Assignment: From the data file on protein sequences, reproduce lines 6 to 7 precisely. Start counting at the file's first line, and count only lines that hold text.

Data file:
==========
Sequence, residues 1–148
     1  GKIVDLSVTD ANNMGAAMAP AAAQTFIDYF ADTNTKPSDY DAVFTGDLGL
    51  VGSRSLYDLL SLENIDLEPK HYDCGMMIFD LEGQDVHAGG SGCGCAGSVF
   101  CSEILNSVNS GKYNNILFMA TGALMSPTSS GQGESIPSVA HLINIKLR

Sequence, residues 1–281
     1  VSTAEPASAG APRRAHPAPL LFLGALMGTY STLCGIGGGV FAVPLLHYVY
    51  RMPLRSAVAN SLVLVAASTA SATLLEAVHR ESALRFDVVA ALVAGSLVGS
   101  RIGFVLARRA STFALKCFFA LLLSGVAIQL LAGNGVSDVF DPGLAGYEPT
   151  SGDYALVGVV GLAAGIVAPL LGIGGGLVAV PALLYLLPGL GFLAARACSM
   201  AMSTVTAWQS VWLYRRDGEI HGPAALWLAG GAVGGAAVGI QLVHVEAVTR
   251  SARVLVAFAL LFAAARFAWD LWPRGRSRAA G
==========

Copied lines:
     1  VSTAEPASAG APRRAHPAPL LFLGALMGTY STLCGIGGGV FAVPLLHYVY
    51  RMPLRSAVAN SLVLVAASTA SATLLEAVHR ESALRFDVVA ALVAGSLVGS